Most of us expect to keep our health insurance plan until we reach Medicare age at 65 years. However, some people develop a chronic illness at some time after purchasing their insurance plan. If they subsequently change employment, become divorced, or, for any reason, lose their health insurance, they find that new health insurance is either prohibitively expensive or unavailable, because of this (now) preexisting condition. Development of a preexisting condition, after age 25, but before 55, happens in about 1% of the adult population.
New Jersey and more recently, ObamaCare, tried to solve this problem by imposing guaranteed insurability and community rating to cover the medical expenses of these people. ObamaCare also imposed financial penalties on large employers and individuals, who didn’t provide or purchase adequate health insurance. Both programs failed because of unacceptably high insurance premiums, public indignity, and the mass withdrawal of healthy people from the plan.
My previous blog described Alaska’s ObamaCare state waiver program in which redirected federal subsidies, ceded portions of insurance premiums, state assessments on insurance companies, and state general fund contributions could be combined and used to cover medical expenses for people with preexisting conditions while avoiding many of the onerous stipulations of ObamaCare exchanges.
John Cochrane is one of several advocates of health-status insurance policies, which would provide another means of preparing for and coping with the financial burdens of developing a chronic illness – heart disease, cancer or a number of other chronic conditions.
The basic idea of a health-status insurance plan is fairly simple. A young healthy person buys a standard type of health insurance to take care of the medical expenses we all encounter. The buyer also buys a second policy, the health-status insurance policy, to pay for chronic, expensive illnesses, which develop after purchasing the plan.
The cost of the second policy is somewhat less than the insurance premium for the medical portion of the combined plan. Premiums for this second policy go into a health-status account. The funds in the health-status account can only be spent to pay for medical insurance or medical expenses.
The reason the premium for the health-status portion of the plan is so low is that 99% of the purchasers will never need that insurance. They won’t develop a preexisting condition in the ensuing years. However, for those who develop a chronic health problem without insurance protection, it can ruin them financially for life.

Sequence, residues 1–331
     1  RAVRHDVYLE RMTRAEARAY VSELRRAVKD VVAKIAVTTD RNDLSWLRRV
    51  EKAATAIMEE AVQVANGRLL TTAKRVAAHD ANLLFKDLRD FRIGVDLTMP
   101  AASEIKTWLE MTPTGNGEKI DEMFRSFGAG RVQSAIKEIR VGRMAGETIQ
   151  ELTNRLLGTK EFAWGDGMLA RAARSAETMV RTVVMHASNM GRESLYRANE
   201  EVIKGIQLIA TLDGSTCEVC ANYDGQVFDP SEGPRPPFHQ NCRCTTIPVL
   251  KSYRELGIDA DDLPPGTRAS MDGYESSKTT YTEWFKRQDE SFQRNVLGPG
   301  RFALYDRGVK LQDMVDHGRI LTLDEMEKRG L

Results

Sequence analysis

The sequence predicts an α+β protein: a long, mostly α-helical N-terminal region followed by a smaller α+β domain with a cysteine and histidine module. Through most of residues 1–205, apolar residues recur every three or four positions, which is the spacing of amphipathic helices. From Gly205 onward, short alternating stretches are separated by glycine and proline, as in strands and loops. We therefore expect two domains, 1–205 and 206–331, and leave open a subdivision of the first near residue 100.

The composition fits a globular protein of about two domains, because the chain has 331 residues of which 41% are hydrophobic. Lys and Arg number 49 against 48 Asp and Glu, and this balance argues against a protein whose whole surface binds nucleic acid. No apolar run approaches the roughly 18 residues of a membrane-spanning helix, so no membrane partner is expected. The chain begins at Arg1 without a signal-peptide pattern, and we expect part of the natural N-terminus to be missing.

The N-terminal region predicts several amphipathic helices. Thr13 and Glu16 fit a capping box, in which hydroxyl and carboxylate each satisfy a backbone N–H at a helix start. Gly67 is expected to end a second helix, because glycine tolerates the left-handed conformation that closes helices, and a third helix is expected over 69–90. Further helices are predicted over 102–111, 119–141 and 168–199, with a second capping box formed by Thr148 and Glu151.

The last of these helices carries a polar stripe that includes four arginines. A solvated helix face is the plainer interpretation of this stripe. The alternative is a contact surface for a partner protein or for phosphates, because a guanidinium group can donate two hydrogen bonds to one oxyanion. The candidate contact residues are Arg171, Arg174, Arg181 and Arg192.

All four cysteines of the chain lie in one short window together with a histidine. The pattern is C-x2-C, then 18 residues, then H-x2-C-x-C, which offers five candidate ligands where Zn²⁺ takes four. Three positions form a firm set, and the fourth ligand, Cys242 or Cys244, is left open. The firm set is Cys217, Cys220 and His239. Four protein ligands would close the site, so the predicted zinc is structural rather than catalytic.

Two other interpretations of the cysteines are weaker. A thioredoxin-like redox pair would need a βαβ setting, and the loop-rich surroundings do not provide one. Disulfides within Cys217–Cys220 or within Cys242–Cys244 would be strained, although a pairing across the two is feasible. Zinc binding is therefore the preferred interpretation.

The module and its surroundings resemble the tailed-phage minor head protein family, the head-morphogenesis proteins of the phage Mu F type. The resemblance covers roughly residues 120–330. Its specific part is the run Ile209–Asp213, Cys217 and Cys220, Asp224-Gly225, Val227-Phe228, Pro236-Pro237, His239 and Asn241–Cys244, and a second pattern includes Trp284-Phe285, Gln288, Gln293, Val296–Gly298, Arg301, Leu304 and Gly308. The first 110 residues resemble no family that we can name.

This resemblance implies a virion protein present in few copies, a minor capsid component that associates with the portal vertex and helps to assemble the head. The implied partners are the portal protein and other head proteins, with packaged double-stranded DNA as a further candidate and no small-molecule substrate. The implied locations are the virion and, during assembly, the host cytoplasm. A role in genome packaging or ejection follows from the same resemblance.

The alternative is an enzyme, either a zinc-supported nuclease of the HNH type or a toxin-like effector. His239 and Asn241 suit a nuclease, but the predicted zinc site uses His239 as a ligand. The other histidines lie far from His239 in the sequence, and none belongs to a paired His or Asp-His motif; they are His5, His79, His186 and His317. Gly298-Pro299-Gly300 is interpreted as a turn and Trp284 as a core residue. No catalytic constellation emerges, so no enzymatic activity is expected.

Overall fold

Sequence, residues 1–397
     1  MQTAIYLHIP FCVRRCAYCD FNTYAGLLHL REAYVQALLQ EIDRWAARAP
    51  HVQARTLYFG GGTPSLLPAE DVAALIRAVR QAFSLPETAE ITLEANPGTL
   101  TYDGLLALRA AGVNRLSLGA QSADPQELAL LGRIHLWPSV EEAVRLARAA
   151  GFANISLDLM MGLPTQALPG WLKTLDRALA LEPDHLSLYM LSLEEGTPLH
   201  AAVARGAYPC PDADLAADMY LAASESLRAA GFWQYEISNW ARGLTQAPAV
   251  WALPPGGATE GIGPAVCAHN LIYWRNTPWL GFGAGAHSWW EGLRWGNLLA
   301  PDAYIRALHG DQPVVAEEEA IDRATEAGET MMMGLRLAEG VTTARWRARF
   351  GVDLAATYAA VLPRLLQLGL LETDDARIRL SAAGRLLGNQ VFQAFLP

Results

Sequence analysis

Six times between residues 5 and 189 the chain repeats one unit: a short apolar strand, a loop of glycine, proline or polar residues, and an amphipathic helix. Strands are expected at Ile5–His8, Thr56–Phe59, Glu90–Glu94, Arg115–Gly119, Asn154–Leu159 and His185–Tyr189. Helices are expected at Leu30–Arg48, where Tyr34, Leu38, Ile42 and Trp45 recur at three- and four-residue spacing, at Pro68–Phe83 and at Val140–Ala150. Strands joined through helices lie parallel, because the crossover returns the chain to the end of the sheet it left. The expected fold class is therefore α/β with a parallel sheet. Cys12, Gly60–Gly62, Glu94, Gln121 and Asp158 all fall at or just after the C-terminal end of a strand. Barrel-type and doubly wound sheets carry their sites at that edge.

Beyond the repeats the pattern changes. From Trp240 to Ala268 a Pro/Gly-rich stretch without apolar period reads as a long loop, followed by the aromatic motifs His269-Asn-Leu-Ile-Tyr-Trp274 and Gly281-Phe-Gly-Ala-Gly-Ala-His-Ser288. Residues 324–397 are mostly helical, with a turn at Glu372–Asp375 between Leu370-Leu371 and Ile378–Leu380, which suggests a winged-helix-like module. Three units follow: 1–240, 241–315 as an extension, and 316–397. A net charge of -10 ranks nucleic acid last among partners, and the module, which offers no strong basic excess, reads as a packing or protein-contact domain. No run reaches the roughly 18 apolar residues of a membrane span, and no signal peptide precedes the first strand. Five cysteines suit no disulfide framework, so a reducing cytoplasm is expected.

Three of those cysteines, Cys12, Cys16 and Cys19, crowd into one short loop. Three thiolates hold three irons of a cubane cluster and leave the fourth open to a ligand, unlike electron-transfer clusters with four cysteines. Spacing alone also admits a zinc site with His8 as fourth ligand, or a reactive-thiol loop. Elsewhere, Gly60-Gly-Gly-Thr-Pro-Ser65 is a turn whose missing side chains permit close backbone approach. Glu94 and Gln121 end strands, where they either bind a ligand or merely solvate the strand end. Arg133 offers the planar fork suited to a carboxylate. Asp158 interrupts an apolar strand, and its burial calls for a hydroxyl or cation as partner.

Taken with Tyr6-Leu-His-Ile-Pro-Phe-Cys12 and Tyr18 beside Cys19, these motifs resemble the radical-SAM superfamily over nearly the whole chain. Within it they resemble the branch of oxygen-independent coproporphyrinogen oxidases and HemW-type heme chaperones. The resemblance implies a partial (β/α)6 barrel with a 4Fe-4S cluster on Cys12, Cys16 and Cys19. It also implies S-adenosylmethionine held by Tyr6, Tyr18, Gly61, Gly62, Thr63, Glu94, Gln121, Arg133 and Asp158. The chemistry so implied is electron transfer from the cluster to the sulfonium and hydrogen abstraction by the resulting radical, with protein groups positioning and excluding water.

If the person changes jobs or loses the medical portion of their combined plan, they still own the health-status plan, and it goes with them to their next job. Their new employer or the individual only has to purchase a standard medical insurance plan at standard rates for their age.
In a 2009 blog, Cochrane quotes a detailed, data-based report by Bradley Herring and Mark Pauly. The numbers are different today, but the principles remain the same. They considered a “long list of chronic illnesses to provide a realistic estimate of the sum of medical and health-status premiums”.
A low risk 25-year-old healthy male would pay $800 annually, rising to $3,038 at age 55, for medical insurance only. A 25-year-old high-risk male would have to pay $2,300 annually at age 25 and $10,023 at age 55 for the medical plan. The combined medical and health-status premium at age 25 would be $1,487 rising to $3,936 at age 55 regardless of medical risk. The health-status portion of the premium would rise from $687 at age 25 to $898 at age 55. This is another way of increasing the funding pool to solve the problem of preexisting conditions. It is also a fairly modest, low-risk, high stakes investment to avoid possibly becoming medically indigent.
In addition, according to John Goodman, President Trump’s New Ruling means that any patient between ages 25 and 55, with a preexisting condition, will be able to buy a “short-term, limited-duration” policy lasting for 12 months and guaranteed renewal for up to three years. These are exempt from “mandated benefits and a prohibition on pricing based on expected health expenses”. By stringing together short-term insurance with a health-status plan, “patients will likely be able to remain insured indefinitely”.